Lagrange Multiplier Tests; STAR and STR Models; Decision Rules; Linearity Testing; Power
of the Tests.
e Escribano, Departamento de Estadfstica y Econometrfa, Universidad Carlos III de Madrid;
Jorda, University of California San Diego, UCSD. The first author acknowledges financial
support from the spanish DGICYT contract PS-90-14, Catedra Argentaria and from the SPES
Program of the E.U. contract CT91-0059. We wish to thank R.F. Engle, C.W.J. Granger, J.
Gonzalo, 1.0. Hamilton, T. Terisvirta and R.S. Tsay for· useful oommentt and suggestions. 1. Introduction
Nonlinear time series models are being used more frequently in empirical applications,
leaving the researcher to confront a virtual infinity of models and parameterizations from which to
choose. Nevertheless, certain classes of models have received more attention with regard to the
particular applications in each applied field. Sometimes there is some theory that helps the
researcher decide which class of nonlinear model could be most appropriate. State dependent
models such as the bilinear, exponential autoregressive (EAR), threshold autoregressive (TAR)
and the smooth transition autoregressive (STAR) have received special attention. In particular,
Terasvirta (1994), shows how (STAR) models are a more general class, encompassing as particular
cases the TAR modelling procedure proposed by Tong(1978) and Tsay (1989) and the EAR model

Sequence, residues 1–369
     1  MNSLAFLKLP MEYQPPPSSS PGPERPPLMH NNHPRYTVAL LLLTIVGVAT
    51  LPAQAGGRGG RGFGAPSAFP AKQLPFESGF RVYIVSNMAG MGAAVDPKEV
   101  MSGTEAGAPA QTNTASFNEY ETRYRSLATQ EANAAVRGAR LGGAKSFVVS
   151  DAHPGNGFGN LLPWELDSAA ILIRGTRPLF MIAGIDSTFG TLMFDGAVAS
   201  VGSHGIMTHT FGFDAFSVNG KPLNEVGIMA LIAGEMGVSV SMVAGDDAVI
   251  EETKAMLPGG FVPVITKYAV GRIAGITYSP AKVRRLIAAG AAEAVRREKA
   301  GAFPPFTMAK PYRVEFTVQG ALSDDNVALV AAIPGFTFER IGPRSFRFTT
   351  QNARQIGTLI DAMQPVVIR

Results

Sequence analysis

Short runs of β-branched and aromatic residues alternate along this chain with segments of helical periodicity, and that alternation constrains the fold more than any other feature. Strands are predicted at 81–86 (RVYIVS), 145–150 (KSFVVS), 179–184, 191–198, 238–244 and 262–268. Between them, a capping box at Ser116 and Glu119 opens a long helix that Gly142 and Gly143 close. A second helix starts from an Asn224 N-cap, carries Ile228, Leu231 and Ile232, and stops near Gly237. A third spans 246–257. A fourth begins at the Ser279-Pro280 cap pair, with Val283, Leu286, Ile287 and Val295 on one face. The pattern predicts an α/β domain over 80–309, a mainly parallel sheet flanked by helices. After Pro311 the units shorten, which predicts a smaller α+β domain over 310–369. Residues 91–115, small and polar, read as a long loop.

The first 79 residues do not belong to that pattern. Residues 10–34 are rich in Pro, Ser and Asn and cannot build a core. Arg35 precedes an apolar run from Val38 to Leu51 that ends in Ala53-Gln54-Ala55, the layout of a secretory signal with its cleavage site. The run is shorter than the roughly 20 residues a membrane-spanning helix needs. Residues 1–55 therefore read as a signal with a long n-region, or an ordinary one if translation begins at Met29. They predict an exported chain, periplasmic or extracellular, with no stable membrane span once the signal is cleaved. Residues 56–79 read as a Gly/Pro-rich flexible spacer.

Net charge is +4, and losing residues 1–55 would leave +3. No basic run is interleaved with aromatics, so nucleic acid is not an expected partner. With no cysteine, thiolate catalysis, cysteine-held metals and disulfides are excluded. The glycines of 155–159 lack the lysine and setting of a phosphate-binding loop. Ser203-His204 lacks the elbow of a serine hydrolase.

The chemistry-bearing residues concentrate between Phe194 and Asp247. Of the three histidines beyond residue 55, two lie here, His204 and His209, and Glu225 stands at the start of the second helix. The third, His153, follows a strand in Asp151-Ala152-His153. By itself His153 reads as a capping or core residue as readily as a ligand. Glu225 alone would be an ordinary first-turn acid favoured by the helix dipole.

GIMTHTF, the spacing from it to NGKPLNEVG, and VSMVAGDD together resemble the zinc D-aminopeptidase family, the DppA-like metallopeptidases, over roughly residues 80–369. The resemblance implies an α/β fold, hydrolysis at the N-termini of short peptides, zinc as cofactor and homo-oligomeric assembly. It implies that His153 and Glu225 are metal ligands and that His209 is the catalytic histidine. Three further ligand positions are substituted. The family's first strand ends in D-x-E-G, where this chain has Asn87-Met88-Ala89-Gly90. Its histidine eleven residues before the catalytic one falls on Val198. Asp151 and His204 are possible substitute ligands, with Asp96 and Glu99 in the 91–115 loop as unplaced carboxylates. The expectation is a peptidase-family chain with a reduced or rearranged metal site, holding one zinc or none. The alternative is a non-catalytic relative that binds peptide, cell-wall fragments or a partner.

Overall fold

proposed by Haggan and Ozaki (1981). Even after restricting attention to a certain class, the rich
parameterization and flexibility of these models makes the task of specifYing the model difficult.
Model building usually starts by performing a nonlinearity test. If there is not enough evidence of
nonlinearity, there is no reason to pursue a model that is much more difficult to specify, estimate
and evaluate.
Chang & Tong (1986) discuss the possibility of using a likelihood ratio test statistic for
testing linearity against SETAR models. The drawback of this approach is that the distribution of
the statistic has to be determined by simulation for each application. Based on work by Tsay
(1986), Luukkonen, Saikkonen and Terasvirta (1988) introduce a set of Lagrange Multiplier (LM)
2
type tests that have asymptotic X distributions. Saikkonen and Luukkonen (1988) considered LM
tests against bilinear and EAR alternatives. Terasvirta (1994) uses these procedures in several
stages ofthe specification of STAR models.
In this paper, we will study the properties of these nonlinearity LM type tests for each of
the specific STR-STAR alternatives (logistic or exponential). We will then consider the properties